Abstract: In the late 1990s an international feminist network, Gender at Work, wrote about the ‘deep structure’ of organisations through which gender discriminatory norms and power relations are reproduced. In this article, the authors reflect on the evolution since the Fourth World Conference on Women held in Beijing in 1995 of Gender at Work's theory and practice on approaches to shift deep structure. The Gender at Work Analytical Framework, used by dozens of organisations worldwide to assess, strategise and evaluate the process of organisational change, is described. Using a case study on the Dalit Women's Livelihood Accountability Initiative in Uttar Pradesh, India, the article demonstrates the adaptation of the Analytical Framework for working directly with community‐level programmes, highlighting its strength at bringing into focus the deeply entrenched social norms and deep structures that exclude women from claiming their rights. The article concludes with reflections on what Gender at Work has learned since Beijing about working to challenge deep structures in organisations, programmes and systems.
      PubDate: 2015-07-27T01:57:29.473994-05:
      DOI: 10.1111/1759-5436.12161
       
  • Twenty Years after Beijing: Can Promises be Turned into Progress?
    • Authors: Jessica Woodroffe
      Pages: 92 - 96
      Abstract: Twenty years since the landmark women's conference at Beijing, and as the post‐2015 agenda is concluded, it is clear that there has been a significant increase in rhetoric from governments and even some notable achievements in the field of women's equality and rights. But a failure to tackle underlying causes – particularly the persistent unequal power relations between women and men – has thwarted real, sustainable progress. A report by the Gender and Development Network has identified four areas in need of far greater political focus and resources: working with marginalised women to build their own agency; supporting women's collective action; promoting positive social norms; and reassessing macroeconomic policies and the role of the care economy.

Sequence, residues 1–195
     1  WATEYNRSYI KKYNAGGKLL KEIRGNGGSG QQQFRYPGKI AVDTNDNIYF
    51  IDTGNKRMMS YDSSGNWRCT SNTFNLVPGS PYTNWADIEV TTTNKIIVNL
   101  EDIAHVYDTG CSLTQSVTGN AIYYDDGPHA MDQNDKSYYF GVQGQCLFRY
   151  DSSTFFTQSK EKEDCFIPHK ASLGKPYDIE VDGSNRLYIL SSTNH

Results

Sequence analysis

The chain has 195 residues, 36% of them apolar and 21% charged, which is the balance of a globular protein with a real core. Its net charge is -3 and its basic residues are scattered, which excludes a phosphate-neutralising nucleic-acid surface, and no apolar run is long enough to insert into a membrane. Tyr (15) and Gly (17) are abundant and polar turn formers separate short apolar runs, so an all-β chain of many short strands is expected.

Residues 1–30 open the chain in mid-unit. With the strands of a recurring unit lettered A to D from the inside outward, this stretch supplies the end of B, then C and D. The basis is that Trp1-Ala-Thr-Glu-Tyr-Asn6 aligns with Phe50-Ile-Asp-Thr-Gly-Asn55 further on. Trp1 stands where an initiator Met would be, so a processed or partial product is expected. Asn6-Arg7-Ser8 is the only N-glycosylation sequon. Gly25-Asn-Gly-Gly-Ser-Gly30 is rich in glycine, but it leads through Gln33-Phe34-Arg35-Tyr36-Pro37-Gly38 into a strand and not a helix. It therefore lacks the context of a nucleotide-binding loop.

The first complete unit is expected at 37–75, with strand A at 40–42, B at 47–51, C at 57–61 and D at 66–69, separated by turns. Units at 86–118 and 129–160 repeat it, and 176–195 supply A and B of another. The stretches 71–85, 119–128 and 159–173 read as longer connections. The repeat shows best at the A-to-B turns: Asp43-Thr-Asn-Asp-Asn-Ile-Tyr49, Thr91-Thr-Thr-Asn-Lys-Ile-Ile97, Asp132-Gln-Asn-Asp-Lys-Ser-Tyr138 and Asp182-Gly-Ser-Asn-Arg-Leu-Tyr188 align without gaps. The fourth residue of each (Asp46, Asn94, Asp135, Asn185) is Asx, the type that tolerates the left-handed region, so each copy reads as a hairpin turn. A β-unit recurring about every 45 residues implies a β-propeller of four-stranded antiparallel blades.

PubDate: 2015-07-27T01:57:30.685945-05:
      DOI: 10.1111/1759-5436.12162
       
  • The Digital Age: A Feminist Future for the Queer African Woman
    • Authors: Nyx McLean; Tiffany Kagure Mugo
      Pages: 97 - 100
      Abstract: How can digital spaces make possible a feminist future for the queer African woman? Writing as the editors of a South African queer online space, HOLAA!, this article aims to draw attention to and discuss queer digital communities and how they afford the queer African woman the space to express her lived experiences. The article further examines how digital spaces create these possibilities for public and political expression. Lastly, the authors present what they consider to be a feminist future for the queer African woman, and that it is within this future that the rights of queer women can be protected nationally and internationally as the conversations that fight erasure, exclusion and the denial of rights occur.